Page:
Middlesex County Commonwealth's Attorney

See Middlesex County Commonwealth's Attorney location, address, and phone number, and public records search. District attorneys are public officials which investigate and prosecute crimes in a court of law. District attorneys are sometimes called prosecuting attorneys or commonwealth attorneys in some jurisdictions.


Name
Middlesex County Commonwealth's Attorney
Address
PO Box 457, Saluda, Virginia, 23149
Phone
(804) 758-4506
Fax
(804) 758-4602

Nearby District Attorneys

District Attorney Distance
Lancaster County Commonwealth's Attorney 13 miles
Gloucester County Commonwealth's Attorney 14 miles
King And Queen County Commonwealth's Attorney 16 miles
Mathews County Commonwealth's Attorney 18 miles
Northumberland County Commonwealth's Attorney 22 miles
New Kent County Commonwealth's Attorney 22 miles
King William County Commonwealth's Attorney 24 miles
James City County Commonwealth's Attorney 24 miles
Williamsburg County Commonwealth's Attorney 24 miles
Essex County Commonwealth's Attorney 26 miles
Poquoson County Commonwealth's Attorney 26 miles
Richmond County Commonwealth's Attorney 26 miles

Map and Directions to Middlesex County Commonwealth's Attorney

What is a district attorney?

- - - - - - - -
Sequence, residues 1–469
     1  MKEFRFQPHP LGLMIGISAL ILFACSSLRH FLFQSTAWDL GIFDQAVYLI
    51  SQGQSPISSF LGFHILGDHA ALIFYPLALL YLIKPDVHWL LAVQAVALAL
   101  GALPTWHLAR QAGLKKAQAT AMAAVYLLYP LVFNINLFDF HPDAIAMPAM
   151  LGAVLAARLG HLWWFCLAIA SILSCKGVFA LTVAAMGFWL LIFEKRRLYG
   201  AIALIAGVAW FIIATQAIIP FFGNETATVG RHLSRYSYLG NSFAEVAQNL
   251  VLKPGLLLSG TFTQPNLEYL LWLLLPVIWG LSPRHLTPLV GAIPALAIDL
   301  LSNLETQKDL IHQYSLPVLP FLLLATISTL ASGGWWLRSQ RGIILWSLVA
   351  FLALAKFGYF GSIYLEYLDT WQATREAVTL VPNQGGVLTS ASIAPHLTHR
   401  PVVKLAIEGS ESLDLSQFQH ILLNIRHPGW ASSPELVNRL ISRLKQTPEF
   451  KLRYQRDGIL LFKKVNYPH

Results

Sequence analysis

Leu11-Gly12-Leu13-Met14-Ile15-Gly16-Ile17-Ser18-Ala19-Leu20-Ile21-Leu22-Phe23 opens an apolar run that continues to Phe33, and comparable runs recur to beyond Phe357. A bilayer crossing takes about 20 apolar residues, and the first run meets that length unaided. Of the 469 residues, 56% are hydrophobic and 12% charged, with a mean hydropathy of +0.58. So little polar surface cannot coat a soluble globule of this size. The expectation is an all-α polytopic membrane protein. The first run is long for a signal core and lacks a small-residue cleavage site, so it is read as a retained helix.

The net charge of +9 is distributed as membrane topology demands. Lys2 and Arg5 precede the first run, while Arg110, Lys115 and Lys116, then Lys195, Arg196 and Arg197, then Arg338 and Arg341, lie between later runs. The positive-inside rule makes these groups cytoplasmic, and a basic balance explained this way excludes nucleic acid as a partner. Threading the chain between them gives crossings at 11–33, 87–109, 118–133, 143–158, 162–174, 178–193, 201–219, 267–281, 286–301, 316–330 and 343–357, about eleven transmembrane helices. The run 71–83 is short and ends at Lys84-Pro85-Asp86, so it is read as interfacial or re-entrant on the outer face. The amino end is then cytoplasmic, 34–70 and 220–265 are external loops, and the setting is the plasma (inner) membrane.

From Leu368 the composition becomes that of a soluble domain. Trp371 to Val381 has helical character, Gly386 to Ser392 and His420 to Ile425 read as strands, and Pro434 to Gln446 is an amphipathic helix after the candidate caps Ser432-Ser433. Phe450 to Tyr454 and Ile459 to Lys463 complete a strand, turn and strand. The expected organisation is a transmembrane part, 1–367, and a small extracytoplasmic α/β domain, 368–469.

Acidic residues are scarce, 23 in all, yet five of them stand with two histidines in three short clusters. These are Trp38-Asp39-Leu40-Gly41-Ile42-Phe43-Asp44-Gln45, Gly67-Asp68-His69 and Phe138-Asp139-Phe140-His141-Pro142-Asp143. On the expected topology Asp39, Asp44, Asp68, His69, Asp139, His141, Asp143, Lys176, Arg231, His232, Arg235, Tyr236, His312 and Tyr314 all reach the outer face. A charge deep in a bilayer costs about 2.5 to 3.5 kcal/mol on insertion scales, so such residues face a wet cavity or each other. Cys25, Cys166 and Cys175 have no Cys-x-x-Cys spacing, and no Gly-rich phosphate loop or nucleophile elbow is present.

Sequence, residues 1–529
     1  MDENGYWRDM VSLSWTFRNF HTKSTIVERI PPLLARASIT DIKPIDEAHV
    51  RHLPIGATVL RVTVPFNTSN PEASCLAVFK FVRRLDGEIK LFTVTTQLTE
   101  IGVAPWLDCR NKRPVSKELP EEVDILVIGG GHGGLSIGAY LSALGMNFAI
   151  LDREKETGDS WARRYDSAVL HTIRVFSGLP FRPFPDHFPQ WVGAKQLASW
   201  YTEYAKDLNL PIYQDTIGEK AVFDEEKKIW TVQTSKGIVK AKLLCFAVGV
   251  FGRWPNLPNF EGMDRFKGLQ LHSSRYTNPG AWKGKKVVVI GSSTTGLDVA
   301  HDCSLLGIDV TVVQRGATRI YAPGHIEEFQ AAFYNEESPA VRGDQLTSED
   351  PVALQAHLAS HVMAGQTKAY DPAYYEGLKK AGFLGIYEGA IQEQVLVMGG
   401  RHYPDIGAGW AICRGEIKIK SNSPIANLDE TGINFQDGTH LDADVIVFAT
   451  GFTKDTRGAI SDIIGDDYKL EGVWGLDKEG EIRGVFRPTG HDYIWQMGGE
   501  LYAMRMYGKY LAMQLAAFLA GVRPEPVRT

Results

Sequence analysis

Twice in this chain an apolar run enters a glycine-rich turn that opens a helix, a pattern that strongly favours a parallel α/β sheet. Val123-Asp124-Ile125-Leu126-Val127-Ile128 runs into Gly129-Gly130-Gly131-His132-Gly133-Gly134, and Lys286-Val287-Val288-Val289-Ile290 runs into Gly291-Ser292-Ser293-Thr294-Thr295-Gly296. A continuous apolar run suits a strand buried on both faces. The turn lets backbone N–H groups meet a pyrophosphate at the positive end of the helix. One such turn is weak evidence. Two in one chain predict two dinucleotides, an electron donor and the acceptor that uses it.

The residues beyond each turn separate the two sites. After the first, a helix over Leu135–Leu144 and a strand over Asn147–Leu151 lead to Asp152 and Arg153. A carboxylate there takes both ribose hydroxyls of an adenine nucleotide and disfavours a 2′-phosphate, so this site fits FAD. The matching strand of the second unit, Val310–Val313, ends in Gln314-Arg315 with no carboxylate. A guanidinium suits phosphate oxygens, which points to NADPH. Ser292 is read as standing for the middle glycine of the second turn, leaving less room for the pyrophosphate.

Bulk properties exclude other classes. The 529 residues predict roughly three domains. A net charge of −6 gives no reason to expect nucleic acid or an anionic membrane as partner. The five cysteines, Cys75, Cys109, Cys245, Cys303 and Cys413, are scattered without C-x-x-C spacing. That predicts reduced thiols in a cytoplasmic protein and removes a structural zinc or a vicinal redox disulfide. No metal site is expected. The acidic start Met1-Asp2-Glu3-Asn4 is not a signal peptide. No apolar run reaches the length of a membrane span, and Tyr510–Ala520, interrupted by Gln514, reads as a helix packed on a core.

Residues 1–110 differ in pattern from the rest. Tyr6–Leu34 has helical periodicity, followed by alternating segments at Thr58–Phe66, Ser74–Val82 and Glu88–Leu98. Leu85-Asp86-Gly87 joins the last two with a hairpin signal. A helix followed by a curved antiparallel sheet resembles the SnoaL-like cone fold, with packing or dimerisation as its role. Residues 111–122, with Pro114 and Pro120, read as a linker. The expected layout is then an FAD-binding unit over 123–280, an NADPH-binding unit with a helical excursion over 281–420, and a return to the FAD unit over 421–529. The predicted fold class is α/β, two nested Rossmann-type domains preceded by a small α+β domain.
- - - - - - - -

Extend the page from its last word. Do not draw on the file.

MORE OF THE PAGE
District attorneys (DAs) are the highest-ranking law enforcement officials in their jurisdictions. Their authority is usually county-wide, although some district attorneys represent large cities. As long as they have probable cause, district attorneys have complete discretion in filing charges against individuals. Informed by police investigations, district attorneys may charge anyone with misdemeanors or felonies.

District attorneys review the available evidence and assess witness credibility to determine whether a suspect may have committed a particular crime. A DA may charge a suspect directly or may refer the evidence to a grand jury to consider an indictment against a suspect.

District attorneys are responsible for prosecuting defendants in court. They present the evidence and arguments to a judge or jury, oppose the arguments of a criminal defense attorney, and work to obtain a conviction against the defendant.